“If my crazy itinerary – eight Indian cities in two and a half weeks – doesn’t convince you that I am really invested in India, then nothing will,” quips Etienne Hugel, one of the troika of Hugel brothers (Jean-Philippe, Marc and Etienne) who run the venerable wine company, Famille Hugel situated in Riquewihr, Alsace. True, this. Hugel’s
stunning, top-rated wines are not cheap, especially in India. Yet, he persists in India, and on this trip each of his winemaker’s dinners, perfectly curated along with his friend and importer Sanjay Menon of Sonarys, is greeted with rave reviews. Etienne Hugel’s relationship with Menon goes back years: he describes Menon as “an amazing ambassador of the good life,” with meticulous attention to detail when it comes to arrangements. This is something Etienne appreciates. “The only way to do it is to do it right,” he says.
I first met the ebullient, charming Etienne in 2011 when Sanjay Menon brought him down for a winemaker’s dinner to Bangalore. This time the Hugel wines were paired with a North Indian tasting menu by Chef Nimish Bhatia at the Lalit Ashok. Later, by the poolside, Etienne showed slides of Riquewihr, the tiny magical fairytale village in Alsace, France, where the Hugel family business is situated, a short drive from Colmar and Strasbourg and on the twisty Route des Vins d’Alsace. Instantly, my friends and I fell in love with picture-postcard Riquewihr as we did with Hugel wines, and a trip was planned.
The visit was as magical as we expected. My memories include a picturesque little Riquewihr hotel with old stairwells and turret rooms, tiny cafes lining narrow cobbled pathways, flower-lined wishing wells, a riot of colourful houses abutting Michelin-star restaurants, breakfasts of crepes and mirabelle jam, aromatic white Alsace wines in typical green-stemmed pot-bellied glasses accompanied by the local version of pizza, the tarte flambée, and finally a glorious wine tasting in the Hugel tasting room led by Etienne. This was followed by a walk around the Hugel cellars and an admiring look at Ste Catharine, the largest and oldest cask (1715) in active use today, followed by a sumptuous lunch of choucroute and other Alsatian delights accompanied with Hugel wines and a post-prandial stroll in Hugel’s Grand Cru Schoenenbourg vineyards overlooking Riquewihr. It was utterly memorable. Alsace combines the best of France and Germany in terms of culture and gastronomy, but has an identity distinctly its own. It’s so worth a visit…or two.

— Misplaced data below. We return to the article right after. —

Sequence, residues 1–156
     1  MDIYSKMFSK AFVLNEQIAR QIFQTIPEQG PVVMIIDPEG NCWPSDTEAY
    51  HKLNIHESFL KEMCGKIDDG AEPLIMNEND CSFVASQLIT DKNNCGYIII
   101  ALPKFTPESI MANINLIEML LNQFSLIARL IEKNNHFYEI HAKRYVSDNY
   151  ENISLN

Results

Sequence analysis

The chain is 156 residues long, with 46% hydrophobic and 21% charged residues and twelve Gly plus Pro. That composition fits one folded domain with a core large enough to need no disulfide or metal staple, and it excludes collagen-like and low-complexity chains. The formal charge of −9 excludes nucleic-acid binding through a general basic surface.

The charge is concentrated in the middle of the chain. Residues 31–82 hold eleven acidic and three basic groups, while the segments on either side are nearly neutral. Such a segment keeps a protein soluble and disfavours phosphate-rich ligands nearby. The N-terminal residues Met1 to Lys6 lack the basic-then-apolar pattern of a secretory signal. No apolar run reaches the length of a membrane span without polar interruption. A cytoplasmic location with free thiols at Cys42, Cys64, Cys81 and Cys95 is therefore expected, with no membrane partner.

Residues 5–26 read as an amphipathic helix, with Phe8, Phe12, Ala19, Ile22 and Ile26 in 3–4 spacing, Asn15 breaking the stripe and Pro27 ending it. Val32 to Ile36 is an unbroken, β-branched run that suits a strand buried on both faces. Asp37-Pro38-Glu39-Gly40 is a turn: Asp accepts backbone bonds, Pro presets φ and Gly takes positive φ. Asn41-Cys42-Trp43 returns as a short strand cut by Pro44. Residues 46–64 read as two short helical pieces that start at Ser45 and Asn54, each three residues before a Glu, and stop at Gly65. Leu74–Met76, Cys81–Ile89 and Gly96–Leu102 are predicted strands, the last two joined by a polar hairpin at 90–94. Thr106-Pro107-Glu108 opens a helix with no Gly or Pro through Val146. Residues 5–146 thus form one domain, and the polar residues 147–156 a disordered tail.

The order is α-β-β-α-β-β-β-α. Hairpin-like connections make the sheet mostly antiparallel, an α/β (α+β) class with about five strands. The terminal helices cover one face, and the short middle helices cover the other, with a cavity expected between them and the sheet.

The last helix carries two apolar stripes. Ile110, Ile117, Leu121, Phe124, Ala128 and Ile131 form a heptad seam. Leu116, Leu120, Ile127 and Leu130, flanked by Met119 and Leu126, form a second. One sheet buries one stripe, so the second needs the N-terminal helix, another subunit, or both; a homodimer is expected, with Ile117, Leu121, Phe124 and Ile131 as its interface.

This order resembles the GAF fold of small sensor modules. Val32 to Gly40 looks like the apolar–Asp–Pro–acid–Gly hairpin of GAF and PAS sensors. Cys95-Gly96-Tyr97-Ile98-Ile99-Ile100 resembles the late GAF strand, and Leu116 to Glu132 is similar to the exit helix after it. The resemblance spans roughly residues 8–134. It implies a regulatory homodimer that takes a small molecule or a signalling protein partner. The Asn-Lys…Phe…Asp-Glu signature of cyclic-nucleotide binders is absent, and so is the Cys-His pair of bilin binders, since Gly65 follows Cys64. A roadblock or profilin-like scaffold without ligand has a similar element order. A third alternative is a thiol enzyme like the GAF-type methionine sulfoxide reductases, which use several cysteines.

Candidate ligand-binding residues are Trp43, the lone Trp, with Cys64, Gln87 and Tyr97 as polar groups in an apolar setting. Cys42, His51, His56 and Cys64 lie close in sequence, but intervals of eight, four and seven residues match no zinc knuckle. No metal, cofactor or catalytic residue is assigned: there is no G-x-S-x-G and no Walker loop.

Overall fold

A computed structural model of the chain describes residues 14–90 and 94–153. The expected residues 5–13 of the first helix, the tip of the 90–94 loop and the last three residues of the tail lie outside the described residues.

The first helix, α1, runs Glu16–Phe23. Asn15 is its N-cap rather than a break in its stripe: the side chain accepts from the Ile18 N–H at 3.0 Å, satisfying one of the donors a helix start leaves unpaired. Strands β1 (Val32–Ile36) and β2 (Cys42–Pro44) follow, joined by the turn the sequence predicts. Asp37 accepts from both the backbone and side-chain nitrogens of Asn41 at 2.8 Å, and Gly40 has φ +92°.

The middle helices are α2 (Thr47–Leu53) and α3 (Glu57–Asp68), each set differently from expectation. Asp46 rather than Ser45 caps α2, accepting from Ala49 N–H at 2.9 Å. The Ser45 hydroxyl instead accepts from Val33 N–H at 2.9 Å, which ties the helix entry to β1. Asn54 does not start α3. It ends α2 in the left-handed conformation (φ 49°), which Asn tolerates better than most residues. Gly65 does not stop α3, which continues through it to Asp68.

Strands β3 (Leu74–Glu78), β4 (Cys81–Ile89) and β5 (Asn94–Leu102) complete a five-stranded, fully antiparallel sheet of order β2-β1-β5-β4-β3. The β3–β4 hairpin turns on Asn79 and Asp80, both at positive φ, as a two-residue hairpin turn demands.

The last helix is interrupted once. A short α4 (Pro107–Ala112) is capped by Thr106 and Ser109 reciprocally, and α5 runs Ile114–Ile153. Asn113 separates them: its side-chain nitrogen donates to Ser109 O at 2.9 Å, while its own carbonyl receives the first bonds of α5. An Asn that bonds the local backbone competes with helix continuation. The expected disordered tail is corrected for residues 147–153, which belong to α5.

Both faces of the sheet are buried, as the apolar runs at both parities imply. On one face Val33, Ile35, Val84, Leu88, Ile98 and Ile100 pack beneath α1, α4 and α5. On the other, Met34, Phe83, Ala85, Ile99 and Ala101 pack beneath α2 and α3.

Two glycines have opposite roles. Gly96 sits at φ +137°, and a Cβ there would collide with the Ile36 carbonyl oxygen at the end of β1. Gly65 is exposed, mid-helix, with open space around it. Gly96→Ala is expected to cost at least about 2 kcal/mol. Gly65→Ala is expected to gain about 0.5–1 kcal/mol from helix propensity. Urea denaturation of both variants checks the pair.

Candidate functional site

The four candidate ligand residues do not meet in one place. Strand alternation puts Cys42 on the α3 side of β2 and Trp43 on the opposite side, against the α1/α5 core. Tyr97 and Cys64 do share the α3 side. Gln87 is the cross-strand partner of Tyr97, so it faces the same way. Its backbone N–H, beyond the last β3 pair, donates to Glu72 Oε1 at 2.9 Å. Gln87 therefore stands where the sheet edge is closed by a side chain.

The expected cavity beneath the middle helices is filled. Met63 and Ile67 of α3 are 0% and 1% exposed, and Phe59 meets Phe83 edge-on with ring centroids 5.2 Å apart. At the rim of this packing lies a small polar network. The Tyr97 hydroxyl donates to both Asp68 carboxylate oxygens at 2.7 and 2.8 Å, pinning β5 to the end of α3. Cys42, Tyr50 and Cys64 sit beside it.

Famille Hugel is no johnny-come-lately in France’s wine biz. The family is one of the founder members of the wine aristocracy represented in the Primum Familiae Vini (www.pfv.org) along with names like Rothschild, Antinori and Torres. Famille Hugel, known earlier as Hugel & Fils, grows noble grape varieties in its 65 acres of vineyards in the hills around Alsace – 40% Gewurztraminer, 40% Riesling, 15% Pinot Gris, 5% Pinot Noir. Their best grapes are used for the erstwhile Jubilee and Sélection de Grains Nobles range, and their luscious, nectar-like sweet wine Vendange Tardive (meaning late harvest). While most of their range comprises single varietal wines in the Alsace tradition, their popular entry level wine is a blend: Gentil, an elegant combination of five noble grapes – Gewurztraminer, Pinot Gris, Riesling, Muscat, Pinot Blanc and Sylvaner – each grape bringing something to the wine structure.
Etienne and I chatted on the phone – he was in Mumbai, I in Bangalore, and he doesn’t do lengthy email. The conversation turned to Japan. His Japanese sommelier wife Kaoru has helped open his eyes to the elegance that is Japan, and Etienne is a fan. “The Japanese want quality and they are ready to pay for it without compromising on price,” he tells me, describing how Japanese airline ANA swept up 2,900 bottles of Hugel Gentil 2013 for its business class without a jot of bargaining. They have even pre-ordered the 2014.